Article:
In my pre-Tokyo days there’s one dish I like that has always been disappointing: Tonkatsu. Tonkatsu is a breaded, deep fried pork cutlet. I didn’t know yet how heavenly an authentic one was going to be, but I always knew it shouldn’t be a thin or dry cut that tires you jaw, and a batter so hard it hurts the roof of your mouth. It just can’t be. Back home in Seattle WA, the best tonkatsu I’ve had is sandwiched between coleslaw, sauces and a bun at Katsu Burger. It was pretty thick and juicy but it’s not the true tonkatsu experience where the pork is eaten on its own, served with a side of rice and a salad of finely shredded cabbage.
We almost ran out of meals in Tokyo and I’m forever grateful to husband for insisting on trying a true tonkatsu. On our last night, we were very tired, but we realized there’s small restaurant called Tontake that serves tonkatsu just across the street from the hotel. Small square wooden tables, coat hangers along one of the walls for guests. There’s one chef, a lady who greets us, who saw us struggle with the Japanese menu and brings out an English one, and an older lady in the kitchen. We wonder if they are a mother-and-son-and-wife trio. Just behind where I sat there’s a tiny sink (for guests I assume), and a corner that’s like a shrine dedicated to a pig.
The tonkatsu was everything I always believed a tonkatsu should be: tender meat, crispy coat. It is also beyond anything I expected it to be. The coating is so light it requires little crunching, then the fatty juice of the cutlet swirls in your mouth, and the meat falls apart with little chewing. This tonkatsu literally melts in your mouth. I was as eager to eat it all by myself as I was to share it with my husband. It was so unbelievably tasty I kept shaking my head. Husband glared at me, “If it’s so good, stop shaking your head!” So I quickly switched back to nodding the whole time I ate.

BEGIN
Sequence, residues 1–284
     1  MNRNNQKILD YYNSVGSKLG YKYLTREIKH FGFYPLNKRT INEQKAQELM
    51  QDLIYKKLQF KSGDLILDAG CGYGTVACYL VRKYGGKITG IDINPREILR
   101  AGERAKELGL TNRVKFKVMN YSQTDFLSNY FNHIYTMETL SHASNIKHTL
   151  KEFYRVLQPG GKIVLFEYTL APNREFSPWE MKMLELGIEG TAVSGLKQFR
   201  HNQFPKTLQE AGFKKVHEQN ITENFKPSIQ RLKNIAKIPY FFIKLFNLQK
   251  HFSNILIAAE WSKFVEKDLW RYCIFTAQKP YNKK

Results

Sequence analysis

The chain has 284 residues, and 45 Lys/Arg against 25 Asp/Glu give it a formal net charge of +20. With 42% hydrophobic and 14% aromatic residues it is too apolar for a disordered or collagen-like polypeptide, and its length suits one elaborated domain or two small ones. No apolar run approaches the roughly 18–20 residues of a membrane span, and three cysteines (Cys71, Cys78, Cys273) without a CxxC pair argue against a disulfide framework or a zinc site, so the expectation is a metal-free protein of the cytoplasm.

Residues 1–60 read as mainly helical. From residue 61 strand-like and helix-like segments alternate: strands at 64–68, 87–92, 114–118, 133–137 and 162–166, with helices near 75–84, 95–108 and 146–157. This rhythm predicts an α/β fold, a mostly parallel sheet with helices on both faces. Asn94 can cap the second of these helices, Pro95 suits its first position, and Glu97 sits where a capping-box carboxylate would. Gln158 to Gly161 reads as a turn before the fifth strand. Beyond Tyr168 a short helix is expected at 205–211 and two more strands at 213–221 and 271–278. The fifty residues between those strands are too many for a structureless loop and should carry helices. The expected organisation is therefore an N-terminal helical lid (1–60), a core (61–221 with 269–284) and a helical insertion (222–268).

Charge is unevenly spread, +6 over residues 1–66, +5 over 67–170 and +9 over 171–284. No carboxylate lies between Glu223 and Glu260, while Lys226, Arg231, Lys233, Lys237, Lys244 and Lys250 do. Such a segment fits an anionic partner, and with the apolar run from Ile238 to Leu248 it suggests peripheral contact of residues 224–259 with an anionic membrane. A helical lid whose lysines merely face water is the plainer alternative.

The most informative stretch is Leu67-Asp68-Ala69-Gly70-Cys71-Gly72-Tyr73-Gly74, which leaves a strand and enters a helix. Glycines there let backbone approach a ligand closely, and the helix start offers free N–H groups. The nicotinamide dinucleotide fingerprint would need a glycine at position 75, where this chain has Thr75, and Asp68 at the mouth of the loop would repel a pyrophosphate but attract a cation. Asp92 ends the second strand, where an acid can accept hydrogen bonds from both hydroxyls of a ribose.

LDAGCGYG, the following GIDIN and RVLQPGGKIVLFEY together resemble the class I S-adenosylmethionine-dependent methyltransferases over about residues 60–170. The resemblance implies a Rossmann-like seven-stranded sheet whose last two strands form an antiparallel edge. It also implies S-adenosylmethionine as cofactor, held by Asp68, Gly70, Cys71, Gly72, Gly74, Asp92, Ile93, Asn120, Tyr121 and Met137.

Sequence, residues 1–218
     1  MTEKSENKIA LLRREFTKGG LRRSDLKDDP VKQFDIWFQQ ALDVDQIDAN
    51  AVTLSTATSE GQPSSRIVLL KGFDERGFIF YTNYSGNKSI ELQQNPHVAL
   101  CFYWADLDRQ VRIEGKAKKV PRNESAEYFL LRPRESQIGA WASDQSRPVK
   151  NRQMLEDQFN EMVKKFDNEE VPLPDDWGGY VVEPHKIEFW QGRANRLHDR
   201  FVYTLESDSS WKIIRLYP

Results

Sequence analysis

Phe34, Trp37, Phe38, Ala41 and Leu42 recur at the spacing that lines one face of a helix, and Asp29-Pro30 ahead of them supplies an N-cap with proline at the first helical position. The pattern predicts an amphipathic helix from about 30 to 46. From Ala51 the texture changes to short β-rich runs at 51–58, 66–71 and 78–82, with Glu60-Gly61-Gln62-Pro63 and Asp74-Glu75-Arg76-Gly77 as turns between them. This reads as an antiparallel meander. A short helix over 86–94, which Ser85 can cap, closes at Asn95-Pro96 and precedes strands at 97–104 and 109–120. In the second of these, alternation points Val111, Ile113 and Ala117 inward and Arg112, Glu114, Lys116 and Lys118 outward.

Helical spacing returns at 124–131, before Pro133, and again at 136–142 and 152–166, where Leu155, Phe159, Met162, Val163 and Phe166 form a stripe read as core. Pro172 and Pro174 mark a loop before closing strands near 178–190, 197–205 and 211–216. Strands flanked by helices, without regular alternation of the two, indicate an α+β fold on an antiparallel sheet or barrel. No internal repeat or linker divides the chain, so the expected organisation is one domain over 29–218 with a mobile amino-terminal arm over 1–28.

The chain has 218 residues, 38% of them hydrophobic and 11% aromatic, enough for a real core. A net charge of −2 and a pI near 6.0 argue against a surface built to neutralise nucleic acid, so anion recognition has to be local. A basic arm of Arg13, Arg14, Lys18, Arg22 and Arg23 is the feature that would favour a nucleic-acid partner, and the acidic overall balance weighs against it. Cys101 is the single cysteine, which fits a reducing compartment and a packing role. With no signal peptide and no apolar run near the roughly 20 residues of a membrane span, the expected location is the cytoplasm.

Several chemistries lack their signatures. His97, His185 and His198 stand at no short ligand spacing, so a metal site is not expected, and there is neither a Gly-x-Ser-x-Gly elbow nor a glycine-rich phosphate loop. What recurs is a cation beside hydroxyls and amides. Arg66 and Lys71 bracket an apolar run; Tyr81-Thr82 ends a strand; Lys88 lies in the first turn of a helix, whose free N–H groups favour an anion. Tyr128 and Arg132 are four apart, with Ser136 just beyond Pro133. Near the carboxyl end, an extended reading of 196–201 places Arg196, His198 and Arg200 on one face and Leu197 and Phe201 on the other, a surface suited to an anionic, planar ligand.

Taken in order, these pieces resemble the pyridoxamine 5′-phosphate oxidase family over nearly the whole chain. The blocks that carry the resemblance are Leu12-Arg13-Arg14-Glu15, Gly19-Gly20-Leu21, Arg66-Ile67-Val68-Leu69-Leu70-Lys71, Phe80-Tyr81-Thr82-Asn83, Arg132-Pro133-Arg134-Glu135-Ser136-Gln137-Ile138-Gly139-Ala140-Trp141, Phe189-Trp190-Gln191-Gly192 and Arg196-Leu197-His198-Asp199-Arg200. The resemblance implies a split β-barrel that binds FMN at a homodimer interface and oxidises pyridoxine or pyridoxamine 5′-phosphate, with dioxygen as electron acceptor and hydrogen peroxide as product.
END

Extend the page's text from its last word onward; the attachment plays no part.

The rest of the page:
As appetizers we ordered a skewer of fried chicken skin and pork liver. To me, cooking pork liver is challenging. My mom always cooks it until it’s hard and chewy. Then I learned that it meant she overcooked it. The way we have pork liver in Hong Kong is most often sliced and boiled in a broth, or blanched and then finished in a stir fry. Cubed, breaded and fried is completely new to us. Just like the cutlet, it was the most moist and tender pork liver we’ve ever had.
Husband asked if I wanted to go back for lunch before our flight the next day. I took a deep breath, still basking in the joy of this meal that is one of the best I’ve had in my life, and I said no. I wanted to leave the experience as it is for a while. I don’t want it anything less enchanting, which a repetition might be, to write over it. I will have a tonkatsu again some day, where I’ll be disappointed and I’ll long for this one at Tontake. I might come back one day and be disappointed because they’ve set the bar very high. For now, I just don’t want the magic to wear off just yet.
If any of you are from Seattle or know of a good tonkatsu there, please let me know! 🙂